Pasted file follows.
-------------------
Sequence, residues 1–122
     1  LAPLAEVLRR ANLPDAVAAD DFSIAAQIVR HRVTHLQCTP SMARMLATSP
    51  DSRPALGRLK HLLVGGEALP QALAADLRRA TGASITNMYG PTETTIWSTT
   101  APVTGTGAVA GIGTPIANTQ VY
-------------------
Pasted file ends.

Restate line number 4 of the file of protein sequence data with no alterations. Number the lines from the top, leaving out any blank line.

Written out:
   101  APVTGTGAVA GIGTPIANTQ VY